- In response to the recent CMS call for stakeholder feedback on how to provide regulatory relief, industry groups detailed ways to reduce red tape associated with value-based purchasing implementation.
Hospitals and individual providers have recently faced an increase in regulatory burdens, the American Hospital Association (AHA) recently stated. In 2016 alone, CMS and other HHS agencies published 49 rules, leaving hospitals and health systems to sift through roughly 24,000 pages of health policy. That number also does not include the rising use of sub-regulatory guidance, such as FAQs and blogs, to enforce administrative rules.
“In addition to the sheer volume, the scope of changes required by the new regulations is beginning to outstrip the field’s ability to absorb them,” wrote Thomas P. Nickels, AHA’s Executive Vice President of Government Relations and Public Policy.
Regulations that impede value-based purchasing implementation are among the top administrative burdens on hospitals and providers, the American Medical Group Association (AMGA) added.
The industry groups detailed a list of regulations that challenge hospitals and providers as they implement the necessary processes for value-based purchasing. The groups also advised policymakers and CMS on how to reduce the administrative burden.
Develop safe harbors for and exceptions to healthcare fraud prevention laws
The Anti-Kickback Statute (AKS) and the Stark law aim to prevent healthcare fraud and abuse by controlling how providers receive referrals and manage self-referrals. However, the regulations have prevented provider participation in value-based purchasing models that require increased care coordination.
“Federal legislation and regulations governing physician self-referral, collectively termed ‘Stark Law,’ were intended to prevent financial conflicts of interest around physician referrals in FFS [fee-for-service],” AMGA explained. “As Medicare transitions to value-based arrangements, the need for these protections and related self-referral and anti-kickback regulations are reduced, as incentives to overutilize healthcare services diminish.”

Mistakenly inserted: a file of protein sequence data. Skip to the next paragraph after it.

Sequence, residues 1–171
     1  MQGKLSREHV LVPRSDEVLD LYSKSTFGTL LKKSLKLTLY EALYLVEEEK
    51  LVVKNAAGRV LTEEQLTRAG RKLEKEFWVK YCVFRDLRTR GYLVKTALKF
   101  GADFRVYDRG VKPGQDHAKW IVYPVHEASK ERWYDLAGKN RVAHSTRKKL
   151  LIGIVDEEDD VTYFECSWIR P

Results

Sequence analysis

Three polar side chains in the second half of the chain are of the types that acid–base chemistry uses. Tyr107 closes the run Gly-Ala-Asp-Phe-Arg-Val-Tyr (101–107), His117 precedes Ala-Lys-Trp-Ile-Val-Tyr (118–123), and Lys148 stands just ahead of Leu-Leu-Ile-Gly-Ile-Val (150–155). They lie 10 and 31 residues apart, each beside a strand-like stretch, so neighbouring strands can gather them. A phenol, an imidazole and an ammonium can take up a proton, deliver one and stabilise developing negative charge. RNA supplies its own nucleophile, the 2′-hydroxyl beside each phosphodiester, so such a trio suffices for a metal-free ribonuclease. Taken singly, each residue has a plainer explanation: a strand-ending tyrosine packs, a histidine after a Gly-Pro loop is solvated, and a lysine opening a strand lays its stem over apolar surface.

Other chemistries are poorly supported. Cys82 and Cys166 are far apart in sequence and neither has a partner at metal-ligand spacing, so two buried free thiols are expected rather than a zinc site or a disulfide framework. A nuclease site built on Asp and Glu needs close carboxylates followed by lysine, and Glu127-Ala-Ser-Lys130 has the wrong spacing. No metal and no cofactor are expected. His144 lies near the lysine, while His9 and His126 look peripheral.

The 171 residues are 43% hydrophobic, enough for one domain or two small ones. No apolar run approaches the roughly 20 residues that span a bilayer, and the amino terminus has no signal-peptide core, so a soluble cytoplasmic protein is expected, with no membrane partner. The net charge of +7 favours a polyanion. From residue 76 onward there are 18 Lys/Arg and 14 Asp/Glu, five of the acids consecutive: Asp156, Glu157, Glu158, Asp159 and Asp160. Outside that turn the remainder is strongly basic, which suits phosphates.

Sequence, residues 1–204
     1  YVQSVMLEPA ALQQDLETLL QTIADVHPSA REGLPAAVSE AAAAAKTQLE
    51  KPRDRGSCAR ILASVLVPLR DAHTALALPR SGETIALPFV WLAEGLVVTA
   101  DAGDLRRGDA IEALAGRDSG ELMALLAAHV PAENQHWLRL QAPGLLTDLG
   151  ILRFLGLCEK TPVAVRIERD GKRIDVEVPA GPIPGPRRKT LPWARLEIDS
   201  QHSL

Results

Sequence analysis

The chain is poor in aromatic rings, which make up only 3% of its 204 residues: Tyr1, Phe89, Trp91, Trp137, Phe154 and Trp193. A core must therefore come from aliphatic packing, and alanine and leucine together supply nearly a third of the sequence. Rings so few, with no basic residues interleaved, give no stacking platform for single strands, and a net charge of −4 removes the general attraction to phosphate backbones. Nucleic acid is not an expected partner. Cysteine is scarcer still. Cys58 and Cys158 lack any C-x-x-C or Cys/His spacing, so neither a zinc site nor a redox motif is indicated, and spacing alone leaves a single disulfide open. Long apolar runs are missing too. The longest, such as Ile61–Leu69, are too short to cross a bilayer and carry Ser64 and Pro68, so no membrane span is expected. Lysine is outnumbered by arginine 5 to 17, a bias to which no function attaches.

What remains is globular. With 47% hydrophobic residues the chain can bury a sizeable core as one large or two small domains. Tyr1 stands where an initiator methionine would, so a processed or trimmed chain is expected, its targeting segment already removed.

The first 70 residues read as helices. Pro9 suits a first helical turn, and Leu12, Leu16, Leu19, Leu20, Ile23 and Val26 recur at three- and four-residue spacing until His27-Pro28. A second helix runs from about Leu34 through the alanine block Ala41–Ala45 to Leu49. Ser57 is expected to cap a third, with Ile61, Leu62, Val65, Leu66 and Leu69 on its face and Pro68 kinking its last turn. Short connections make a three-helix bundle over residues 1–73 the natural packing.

The AHA advised policymakers to create an AKS safe harbor for clinical integration arrangements. The safe harbor would create basic accountabilities for incentive payment and shared savings use among hospitals, physicians, and other providers.
The safe harbor and exception would cover activities that encourage accountability for care quality and cost, increase care coordination, and promote investment in value-based care infrastructure and care delivery redesigns. Any remuneration, including start-up and support contributions, would also be protected.
Clinical integration arrangements would qualify as long as the use of incentives and other assistance is documented and available to HHS on request, performance standards used to govern collaboration (eg, protocols, metrics used to award incentive payments) align with accepted medical standards, and performance is internally reviewed and disclosed to HHS upon request.
Although, the safe harbor should not “try to supplant, duplicate or recreate existing quality improvement processes or the mechanisms for monitoring quality of care in hospitals.”
Reimburse providers for telehealth services
Providers in value-based purchasing models have turned to telehealth and remote monitoring services to expand patient access to care. Telehealth tools supported self-management, improved patient outcomes, and increased patient satisfaction, the AMGA reported.
However, Medicare reimbursement policies limit telehealth and remote monitoring use. For example, the AHA stated that CMS approves novel telehealth services on a case-by-case basis and only pays for a small percentage of services delivered via telehealth.
Medicare reimbursement rules also restrict telehealth use to providers in rural areas and to patients in specific care settings.
The AHA suggested that Congress abandon the geographic and care setting requirements. Medicare should reimburse providers outside of rural areas for telehealth use.
AMGA advised policymakers to waive the geographic restrictions for telehealth use for all providers in value-based purchasing models as the federal agency does with Next Generation ACOs.
Make CMS bundled payments voluntary
The AHA called on Congress to make new bundled payment models voluntary. CMS uses both mandatory and voluntary bundled payment models to test innovative methods for reducing healthcare costs while maintaining, or improving, care quality.
However, the industry group contended that “hospitals should not be forced to bear the expense of participation in these complicated programs if they do not believe they will benefit patients.”
CMS recently canceled forthcoming mandatory cardiac bundled payment models and shrunk the scope of an existing compulsory model. The AHA urged the federal agency to continue on this path by ensuring all future bundled payment models are voluntary to ensure providers who are prepared for bundled payments are the ones participating.